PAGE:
At Hancock Investment Services, our philosophy focuses on different phases of life. We are committed to our mission of helping you achieve your financial goals and dreams. We create customized plans for you that assist you in all phases of growing, protecting and distributing wealth. We employ this tested philosophy to ensure that the right mix of assets is used to create a truly customized investment plan that meets your needs.
Once we have a thorough understanding of what your needs are and what you have in place financially to meet those needs, we conduct a risk analysis to determine if your existing investment mix can achieve your goals. If changes are needed, we will work with you to create an individualized strategic asset allocation plan.
An annuity is a contract between you and an insurance company that is designed to meet retirement and other long-range goals, under which you make a lump sum payment or series of payments. In return, the insurer agrees to make periodic payments to you beginning immediately or at some future date. (sec.gov)
Fixed: An investment that provides a return in the form of fixed periodic payments either for life or for a specified term to the annuitant and the eventual return of principal at maturity. (Barron’s Dictionary of Finance and Investment Terms, 2nd Edition)
Indexed Annuity: The insurance company credits you with a return that is based on changes in an index, such as the S&P 500 Composite Stock Price Index. Indexed annuity contracts also provide that the contract value will be no less than a specified minimum, regardless of index performance. (sec.gov)
Variable: An insurance contract the value of which may fluctuate in value with that of an underlying securities portfolio or other index of performance. Income may be taken immediately, periodically, or at a future time. The income payments can vary depending on the performance of the managed portfolio. (Barron’s Dictionary of Finance and Investment Terms, 2nd Edition)
Immediate: An annuity that the annuitant purchases with a lump sum payment and from which he/she begins to receive payments immediately. An annuitant often buys an immediate annuity after he/she has reached retirement age and wishes to receive his/her savings or other money in an organized manner. (Financial-Dictionary.com)Back to Top
A mutual fund is a type of investment company that pools money from many investors and invests the money in stocks, bonds, money market instruments, other securities or even cash. (sec.gov)Back to Top
Ownership of a corporation is indicated by shares, which represent a piece of the corporation's assets and earnings. (NASDAQ.com)Back to Top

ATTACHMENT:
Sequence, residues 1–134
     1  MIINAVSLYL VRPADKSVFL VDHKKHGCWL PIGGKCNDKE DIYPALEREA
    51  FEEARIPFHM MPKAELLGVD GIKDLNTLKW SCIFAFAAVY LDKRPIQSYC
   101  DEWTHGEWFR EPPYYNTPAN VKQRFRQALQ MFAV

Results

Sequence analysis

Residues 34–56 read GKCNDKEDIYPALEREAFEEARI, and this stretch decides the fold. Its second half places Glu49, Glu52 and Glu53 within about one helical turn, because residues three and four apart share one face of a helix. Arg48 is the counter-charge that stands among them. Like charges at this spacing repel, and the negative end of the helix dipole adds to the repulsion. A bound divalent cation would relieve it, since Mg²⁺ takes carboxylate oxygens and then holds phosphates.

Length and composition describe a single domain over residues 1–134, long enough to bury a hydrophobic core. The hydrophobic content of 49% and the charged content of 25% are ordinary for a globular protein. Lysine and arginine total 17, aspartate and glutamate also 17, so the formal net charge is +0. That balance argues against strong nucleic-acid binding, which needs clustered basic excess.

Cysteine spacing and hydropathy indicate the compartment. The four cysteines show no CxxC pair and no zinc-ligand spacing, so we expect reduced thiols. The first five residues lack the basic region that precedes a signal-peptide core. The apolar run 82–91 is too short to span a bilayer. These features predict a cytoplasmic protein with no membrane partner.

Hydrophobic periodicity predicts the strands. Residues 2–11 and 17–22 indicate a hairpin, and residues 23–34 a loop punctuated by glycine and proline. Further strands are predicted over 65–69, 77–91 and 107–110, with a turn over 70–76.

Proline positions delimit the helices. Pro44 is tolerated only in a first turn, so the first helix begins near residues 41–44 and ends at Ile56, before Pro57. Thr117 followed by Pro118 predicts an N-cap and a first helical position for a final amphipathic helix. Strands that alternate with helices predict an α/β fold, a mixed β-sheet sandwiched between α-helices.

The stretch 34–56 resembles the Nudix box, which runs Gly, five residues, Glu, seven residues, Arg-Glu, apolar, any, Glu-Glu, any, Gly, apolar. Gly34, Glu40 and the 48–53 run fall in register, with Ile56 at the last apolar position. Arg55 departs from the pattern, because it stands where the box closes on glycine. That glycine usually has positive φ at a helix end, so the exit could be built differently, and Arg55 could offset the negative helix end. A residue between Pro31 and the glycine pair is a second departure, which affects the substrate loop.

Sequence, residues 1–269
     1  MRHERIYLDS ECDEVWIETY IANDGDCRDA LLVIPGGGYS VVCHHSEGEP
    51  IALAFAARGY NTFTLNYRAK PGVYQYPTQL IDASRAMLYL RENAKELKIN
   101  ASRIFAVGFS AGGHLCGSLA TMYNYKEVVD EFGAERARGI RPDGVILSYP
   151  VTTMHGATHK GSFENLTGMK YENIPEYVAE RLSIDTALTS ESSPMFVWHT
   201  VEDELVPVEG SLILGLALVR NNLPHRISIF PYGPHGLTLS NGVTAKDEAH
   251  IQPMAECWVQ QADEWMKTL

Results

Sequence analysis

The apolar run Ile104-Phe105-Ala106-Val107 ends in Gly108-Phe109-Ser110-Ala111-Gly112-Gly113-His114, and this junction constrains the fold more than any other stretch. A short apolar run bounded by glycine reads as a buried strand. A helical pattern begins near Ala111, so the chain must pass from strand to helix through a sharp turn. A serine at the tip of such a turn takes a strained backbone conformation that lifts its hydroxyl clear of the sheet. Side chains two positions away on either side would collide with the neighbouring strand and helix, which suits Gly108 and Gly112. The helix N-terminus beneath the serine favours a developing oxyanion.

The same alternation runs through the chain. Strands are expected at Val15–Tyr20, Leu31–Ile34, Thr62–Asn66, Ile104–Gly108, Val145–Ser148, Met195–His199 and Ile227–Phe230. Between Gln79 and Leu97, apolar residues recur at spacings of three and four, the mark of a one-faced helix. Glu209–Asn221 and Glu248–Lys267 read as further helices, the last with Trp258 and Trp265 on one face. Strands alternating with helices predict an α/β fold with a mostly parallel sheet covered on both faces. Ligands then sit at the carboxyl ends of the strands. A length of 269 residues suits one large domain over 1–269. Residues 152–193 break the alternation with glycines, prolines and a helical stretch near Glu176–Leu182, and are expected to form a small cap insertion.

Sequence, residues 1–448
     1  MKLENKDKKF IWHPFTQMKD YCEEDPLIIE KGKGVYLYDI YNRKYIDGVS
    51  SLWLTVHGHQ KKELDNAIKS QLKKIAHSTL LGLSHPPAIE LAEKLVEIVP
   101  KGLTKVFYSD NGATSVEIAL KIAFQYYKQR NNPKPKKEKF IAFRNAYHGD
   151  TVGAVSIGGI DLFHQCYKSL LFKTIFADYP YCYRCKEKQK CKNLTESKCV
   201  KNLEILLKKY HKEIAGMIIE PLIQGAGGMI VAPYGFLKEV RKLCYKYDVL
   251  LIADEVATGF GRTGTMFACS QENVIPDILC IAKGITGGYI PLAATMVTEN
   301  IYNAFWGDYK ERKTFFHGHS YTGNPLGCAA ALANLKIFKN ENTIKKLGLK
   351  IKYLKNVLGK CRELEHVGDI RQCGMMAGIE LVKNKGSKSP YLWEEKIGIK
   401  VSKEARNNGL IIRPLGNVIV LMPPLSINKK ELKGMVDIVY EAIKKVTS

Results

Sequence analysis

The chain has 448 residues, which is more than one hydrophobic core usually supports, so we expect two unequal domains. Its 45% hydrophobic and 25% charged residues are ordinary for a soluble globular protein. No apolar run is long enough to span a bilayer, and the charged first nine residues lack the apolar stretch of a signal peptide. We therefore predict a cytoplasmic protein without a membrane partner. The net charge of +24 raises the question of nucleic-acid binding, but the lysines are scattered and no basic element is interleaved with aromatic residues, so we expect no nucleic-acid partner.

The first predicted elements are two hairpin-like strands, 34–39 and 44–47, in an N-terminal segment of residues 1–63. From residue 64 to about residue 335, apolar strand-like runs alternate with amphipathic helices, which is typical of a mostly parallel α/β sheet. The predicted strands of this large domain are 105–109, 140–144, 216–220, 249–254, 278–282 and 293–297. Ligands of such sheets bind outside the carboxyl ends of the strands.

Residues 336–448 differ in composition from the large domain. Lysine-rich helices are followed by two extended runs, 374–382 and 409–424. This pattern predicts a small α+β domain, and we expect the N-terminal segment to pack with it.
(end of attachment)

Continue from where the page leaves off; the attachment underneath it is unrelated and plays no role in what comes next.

Bonds are debt and are issued for a period of more than one year. The U.S. government, local governments, water districts, companies and many other types of institutions sell bonds. When an investor buys bonds, he or she is lending money. The seller of the bond agrees to repay the principal amount of the loan at a specified time. Interest bearing bonds pay interest periodically. (NASDAQ.com)
Municipal Bond: State or local governments offer muni bonds or municipals, as they are called, to pay for special projects such as highways or sewers. The interest that investors receive is exempt from some income taxes. (NASDAQ.com)
Corporate Bond: A debt security issued by a corporation and sold to investors. The backing for the bond is usually the payment ability of the company, which is typically money to be earned from future operations. In some cases, the company's physical assets may be used as collateral for bonds. Corporate bonds are considered higher risk than government bonds. As a result, interest rates are almost always higher, even for top-flight credit quality companies. (Investopedia)
Government Bond: A debt security issued by a government to support government spending, most often issued in the country's domestic currency. Government debt is money owed by any level of government and is backed by the full faith of the government. Federal government bonds in the United States include savings bonds, Treasury bonds, Treasury inflation-protected securities (TIPS) and others. Before investing in government bonds, investors need to assess several risks associated with the country, such as country risk, political risk, inflation risk and interest rate risk. (Investopedia)Back to Top
Money invested in a portfolio whose composition is fixed for the life of the fund. Shares in a unit trust are called redeemable trust certificates, and they are sold at a premium to net asset value. (NASDAQ.com)Back to Top
Term: A policy with a set duration limit on the coverage period. Once the policy is expired, it is up to the policy owner to decide whether to renew the term life insurance policy or to let the coverage end. This type of insurance policy contrasts with permanent life insurance, in which duration extends until the policy owner reaches 100 years of age (i.e., death). (Investopedia)
Universal: A type of flexible permanent life insurance offering the low-cost protection of term life insurance as well as a savings element (like whole life insurance), which is invested to provide a cash value buildup. The death benefit, savings element and premiums can be reviewed and altered as a policyholder's circumstances change. In addition, unlike whole life insurance, universal life insurance allows the policyholder to use the interest from his or her accumulated savings to help pay premiums. (Investopedia)